First say to yourself what you would be; and then do what you have to do.
Await Your Reply, written by Dan Chaon, spans several countries and weaves together three separate stories to create one taut, fast paced psychological page-turner.
Through one of the main characters, Chaon asks: “What kind of person decides that they can throw everything away and – reinvent themselves? As if you could just discard the parts of your life that you didn’t want anymore.”
These kinds of people.
Ryan fakes his own death and drops out of college to live in seclusion with his estranged father. Lucy falls in love and runs away with her history teacher only to find out that he’s not the person that he says he is. And Miles hunts down his ever-disappearing, identity changing twin brother for some closure once and for all.
It sounds like a lot, right? It is. But Chaon’s crisp, yet, subtle writing takes you on the journey with ease, making it all easy to digest, all the while raising the bar higher and higher with each chapter.
The title, Await Your Reply, is borrowed from the emails we’ve all gotten from those mysterious rich folks from oversees who asks us to harbor millions of dollars in our US bank accounts. Who are these people? Of course they’re not who they say they are. But what’s their story? Who are the real people sitting behind the computer? Reply takes you on the other side of their world. The hackers who ruin lives and steal identities with the click of a mouse; the motivation behind why folks do away with the identity bestowed upon them.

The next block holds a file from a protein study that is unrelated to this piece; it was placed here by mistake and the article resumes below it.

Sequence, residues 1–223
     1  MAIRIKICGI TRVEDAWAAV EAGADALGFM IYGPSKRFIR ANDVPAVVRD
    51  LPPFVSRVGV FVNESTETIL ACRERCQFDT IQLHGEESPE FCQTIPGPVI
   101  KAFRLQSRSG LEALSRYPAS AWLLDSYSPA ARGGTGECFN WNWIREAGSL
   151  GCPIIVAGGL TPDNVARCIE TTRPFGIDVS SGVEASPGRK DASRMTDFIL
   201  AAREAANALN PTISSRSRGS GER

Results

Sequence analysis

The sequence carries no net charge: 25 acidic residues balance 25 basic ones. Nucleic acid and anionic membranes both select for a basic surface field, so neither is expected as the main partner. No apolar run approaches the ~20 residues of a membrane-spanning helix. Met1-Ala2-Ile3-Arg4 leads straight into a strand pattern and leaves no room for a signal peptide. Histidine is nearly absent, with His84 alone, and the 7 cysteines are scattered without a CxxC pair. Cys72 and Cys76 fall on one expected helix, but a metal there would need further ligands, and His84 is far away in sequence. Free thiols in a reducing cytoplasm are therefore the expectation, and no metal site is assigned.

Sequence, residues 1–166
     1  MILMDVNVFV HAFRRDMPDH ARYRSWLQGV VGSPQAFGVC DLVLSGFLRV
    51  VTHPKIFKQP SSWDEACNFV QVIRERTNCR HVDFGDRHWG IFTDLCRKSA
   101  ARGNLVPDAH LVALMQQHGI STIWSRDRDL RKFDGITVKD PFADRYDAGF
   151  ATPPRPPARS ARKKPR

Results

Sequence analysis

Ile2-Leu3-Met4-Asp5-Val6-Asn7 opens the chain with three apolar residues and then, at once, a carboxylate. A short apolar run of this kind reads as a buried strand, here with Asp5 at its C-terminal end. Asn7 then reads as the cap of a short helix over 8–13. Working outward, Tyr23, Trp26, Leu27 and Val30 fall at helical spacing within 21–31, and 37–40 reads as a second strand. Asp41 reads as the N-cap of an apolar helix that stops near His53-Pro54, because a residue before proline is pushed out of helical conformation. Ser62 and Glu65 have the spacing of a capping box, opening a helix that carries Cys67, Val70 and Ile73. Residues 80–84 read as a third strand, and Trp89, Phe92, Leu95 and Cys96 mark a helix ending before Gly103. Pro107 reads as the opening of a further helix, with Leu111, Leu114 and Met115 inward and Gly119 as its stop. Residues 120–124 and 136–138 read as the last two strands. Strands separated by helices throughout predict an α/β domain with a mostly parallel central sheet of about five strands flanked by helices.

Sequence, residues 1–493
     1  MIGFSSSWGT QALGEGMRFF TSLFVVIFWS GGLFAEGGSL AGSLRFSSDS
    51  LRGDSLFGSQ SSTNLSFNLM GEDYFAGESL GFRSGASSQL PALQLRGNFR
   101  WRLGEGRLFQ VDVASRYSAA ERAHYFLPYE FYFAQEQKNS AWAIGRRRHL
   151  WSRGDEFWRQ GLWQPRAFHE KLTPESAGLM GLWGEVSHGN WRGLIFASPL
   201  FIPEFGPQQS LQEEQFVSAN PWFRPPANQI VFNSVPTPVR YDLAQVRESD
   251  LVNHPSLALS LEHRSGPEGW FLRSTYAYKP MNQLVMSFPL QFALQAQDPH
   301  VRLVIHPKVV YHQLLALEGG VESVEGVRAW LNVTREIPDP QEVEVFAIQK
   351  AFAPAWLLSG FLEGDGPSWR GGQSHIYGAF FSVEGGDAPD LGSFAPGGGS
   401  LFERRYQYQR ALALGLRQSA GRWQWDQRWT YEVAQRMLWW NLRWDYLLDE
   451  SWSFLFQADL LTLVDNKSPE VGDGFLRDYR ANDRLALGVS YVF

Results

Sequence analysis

In an age when we’re all fingers on a keyboard behind computers posting status updates to social media outlets with avatars that represent what we may (or may not) look like, who are we really? Nowadays, it’s incredibly easy to reinvent yourself; to choose an identity and be whom or whatever your want. The novel is a study on individualism turned on its head: be anyone you want to be by being someone other than yourself.
Lucy, the orphaned high school student who falls in love with the identity her history teacher tailor-made for himself asks herself (and us): “Who would you be if you weren’t Lucy? What life will you choose for yourselves?”
Chaon forces us to ponder questions like these and many more in this arresting novel that will leave you hiding your social security card, side-eyeing internet shopping, second guessing the true identity of the people you interact with – and wondering who you would become if you had the courage or desire to expunge your very own identity and start all over again.
– Shydel James